Robert G. Erdmann will speak at the Seminar in Renaissance and Early Modern Material Culture on Tuesday, October 22, at 6 pm. His talk is entitled “The Secret Life of Art: Data Science for Art History and Art Conservation.”

The simultaneous advent of super high-resolution imaging, high-speed internet, and massive data storage capacities have moved us from a world in which we didn’t have enough technical data about art objects to one in which we risk drowning in a data deluge. The use of machine learning tools such as image recognition and segmentation with deep convolutional neural networks can help us to draw insight from this torrent of data in many ways. Combining different imaging techniques, such as visible photography, UV-induced visible fluorescence, infrared reflectography, and scanning x-ray fluorescence (MA-XRF), we can see under the surface of a painting to directly observe pentimeni, the effects of restoration, and even the chemistry and stratigraphy of a painting. For 3D objects, multiple photos from different angles can be fused together to create 3D models of art objects and to make precise comparisons across different objects to see their relation to each other. Several novel web-based interactive visualization techniques developed by Erdmann allow us to zoom into an object to inspect it in extraordinary detail or to zoom out from it to see it in the context of entire oeuvres, time periods, or entire museum collections. These new techniques are demonstrated interactively using a variety of artworks, including masterpieces from Bosch, Van Vianen, De Vries, Rembrandt, Vermeer, Frans Hals, and Van Gogh.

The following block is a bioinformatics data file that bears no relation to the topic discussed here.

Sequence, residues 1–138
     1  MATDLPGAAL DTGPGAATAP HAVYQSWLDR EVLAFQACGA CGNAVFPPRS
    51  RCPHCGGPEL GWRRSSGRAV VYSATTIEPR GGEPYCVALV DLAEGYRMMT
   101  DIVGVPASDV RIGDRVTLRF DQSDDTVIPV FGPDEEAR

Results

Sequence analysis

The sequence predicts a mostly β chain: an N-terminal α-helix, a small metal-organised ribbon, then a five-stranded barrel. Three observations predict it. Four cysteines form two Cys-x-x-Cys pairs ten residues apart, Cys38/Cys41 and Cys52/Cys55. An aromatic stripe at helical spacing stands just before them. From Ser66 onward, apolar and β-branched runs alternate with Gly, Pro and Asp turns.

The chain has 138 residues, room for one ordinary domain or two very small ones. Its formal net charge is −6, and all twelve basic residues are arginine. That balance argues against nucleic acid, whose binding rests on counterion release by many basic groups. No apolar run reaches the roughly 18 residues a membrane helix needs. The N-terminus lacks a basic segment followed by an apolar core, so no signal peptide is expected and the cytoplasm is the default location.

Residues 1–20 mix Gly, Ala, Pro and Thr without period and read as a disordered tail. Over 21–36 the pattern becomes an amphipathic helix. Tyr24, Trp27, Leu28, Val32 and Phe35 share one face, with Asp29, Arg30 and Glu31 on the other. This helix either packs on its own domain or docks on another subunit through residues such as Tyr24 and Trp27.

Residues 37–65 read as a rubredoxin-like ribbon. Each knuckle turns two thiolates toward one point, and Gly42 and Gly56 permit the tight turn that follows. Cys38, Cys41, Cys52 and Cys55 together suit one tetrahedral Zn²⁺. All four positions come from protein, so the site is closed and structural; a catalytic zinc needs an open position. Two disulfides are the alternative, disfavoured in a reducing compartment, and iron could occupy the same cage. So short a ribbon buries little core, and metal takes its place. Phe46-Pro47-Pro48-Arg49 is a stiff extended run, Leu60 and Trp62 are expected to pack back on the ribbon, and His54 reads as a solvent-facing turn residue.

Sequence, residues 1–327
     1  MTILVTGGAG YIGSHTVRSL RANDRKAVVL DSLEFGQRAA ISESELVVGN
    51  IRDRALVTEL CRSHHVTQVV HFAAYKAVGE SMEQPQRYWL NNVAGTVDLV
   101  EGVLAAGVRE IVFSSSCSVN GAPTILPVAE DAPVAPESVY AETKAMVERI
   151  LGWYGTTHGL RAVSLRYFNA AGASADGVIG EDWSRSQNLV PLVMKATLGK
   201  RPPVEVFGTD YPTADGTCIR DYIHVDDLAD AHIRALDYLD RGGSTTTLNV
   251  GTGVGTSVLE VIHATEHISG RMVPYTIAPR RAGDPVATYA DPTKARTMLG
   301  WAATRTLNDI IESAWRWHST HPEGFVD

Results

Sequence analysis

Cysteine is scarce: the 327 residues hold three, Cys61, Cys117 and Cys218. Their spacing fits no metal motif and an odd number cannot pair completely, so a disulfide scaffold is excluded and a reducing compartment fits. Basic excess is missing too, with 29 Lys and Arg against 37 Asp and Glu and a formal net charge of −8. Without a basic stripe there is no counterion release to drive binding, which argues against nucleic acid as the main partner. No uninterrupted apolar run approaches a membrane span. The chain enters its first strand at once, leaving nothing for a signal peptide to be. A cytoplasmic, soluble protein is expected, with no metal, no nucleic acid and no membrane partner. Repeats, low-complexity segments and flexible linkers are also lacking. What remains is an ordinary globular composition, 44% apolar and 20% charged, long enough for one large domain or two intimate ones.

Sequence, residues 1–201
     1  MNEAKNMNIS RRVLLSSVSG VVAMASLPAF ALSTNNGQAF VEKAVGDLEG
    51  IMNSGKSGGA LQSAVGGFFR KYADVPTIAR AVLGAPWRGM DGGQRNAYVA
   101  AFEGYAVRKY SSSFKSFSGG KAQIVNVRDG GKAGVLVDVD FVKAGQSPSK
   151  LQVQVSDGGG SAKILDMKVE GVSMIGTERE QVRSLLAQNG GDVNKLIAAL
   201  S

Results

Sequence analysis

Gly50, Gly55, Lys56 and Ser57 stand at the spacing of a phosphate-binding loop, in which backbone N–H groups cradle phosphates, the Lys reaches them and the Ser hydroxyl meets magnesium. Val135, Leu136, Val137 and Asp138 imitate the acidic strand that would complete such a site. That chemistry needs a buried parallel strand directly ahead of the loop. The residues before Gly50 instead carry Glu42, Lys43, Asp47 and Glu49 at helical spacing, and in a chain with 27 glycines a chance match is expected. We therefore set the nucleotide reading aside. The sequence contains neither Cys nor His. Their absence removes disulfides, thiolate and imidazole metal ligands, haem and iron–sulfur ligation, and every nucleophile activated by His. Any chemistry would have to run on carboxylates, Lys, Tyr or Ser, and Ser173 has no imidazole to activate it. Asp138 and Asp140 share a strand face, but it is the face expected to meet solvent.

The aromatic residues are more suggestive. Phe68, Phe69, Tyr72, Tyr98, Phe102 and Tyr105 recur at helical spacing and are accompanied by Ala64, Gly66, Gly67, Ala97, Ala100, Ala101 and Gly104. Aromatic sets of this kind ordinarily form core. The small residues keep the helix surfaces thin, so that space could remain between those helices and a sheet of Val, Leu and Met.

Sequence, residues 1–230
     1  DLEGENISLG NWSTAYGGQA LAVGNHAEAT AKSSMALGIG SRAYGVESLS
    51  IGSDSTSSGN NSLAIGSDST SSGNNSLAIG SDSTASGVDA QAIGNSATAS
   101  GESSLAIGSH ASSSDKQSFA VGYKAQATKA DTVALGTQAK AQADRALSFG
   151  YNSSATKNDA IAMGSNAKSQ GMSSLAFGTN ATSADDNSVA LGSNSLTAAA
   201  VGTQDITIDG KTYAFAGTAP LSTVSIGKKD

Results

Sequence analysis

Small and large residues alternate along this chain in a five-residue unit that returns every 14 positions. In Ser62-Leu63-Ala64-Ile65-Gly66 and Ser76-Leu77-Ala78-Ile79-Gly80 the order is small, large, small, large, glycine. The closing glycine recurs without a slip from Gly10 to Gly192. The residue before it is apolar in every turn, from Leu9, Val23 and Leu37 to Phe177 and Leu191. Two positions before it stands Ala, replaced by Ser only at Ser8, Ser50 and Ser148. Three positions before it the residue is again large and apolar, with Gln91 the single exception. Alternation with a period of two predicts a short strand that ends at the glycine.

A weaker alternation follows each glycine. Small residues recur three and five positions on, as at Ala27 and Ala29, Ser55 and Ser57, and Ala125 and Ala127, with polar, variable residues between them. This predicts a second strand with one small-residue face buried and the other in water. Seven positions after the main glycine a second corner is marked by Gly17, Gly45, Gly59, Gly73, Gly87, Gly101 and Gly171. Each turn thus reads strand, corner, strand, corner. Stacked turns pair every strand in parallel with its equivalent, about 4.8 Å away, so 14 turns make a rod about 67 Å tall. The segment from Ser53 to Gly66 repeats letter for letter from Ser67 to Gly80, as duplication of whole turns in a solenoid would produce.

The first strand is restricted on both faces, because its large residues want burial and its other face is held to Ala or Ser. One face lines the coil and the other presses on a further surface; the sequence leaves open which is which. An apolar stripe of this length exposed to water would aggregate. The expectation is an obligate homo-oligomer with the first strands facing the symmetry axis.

Prior to earning his PhD from the University of Arizona in 2006, Robert Erdmann started a science and engineering software company and worked extensively on solidification and multiscale transport modeling at Sandia National Laboratories. He subsequently joined the faculty at the University of Arizona in the Program in Applied Mathematics and the Department of Materials Science and Engineering as Assistant Professor and then Associate Professor, where he worked on multiscale material process modeling and image processing for cultural heritage. After a 2013 Resident Fellowship at the Netherlands Institute for Advanced Study, in 2014 he moved permanently to Amsterdam to focus full-time on combining materials science and computer science to help the world access, understand, and preserve its cultural heritage. From 2014–2016, he was Special Professor for the Visualization of Art History at Radboud University. Since 2014 he has served as Senior Scientist at the Rijksmuseum, and as Full Professor of Conservation Science in the Faculties of Science and of Humanities at the University of Amsterdam. He is a recipient of the Europa Nostra Award (Grand Prix), the highest prize for cultural heritage in the European Union for his work on the Bosch Research and Conservation Project. He is the inventor of the “Curtain Viewer” visualization technique, which is featured at and elsewhere, and has worked extensively on automated canvas analysis for easel paintings.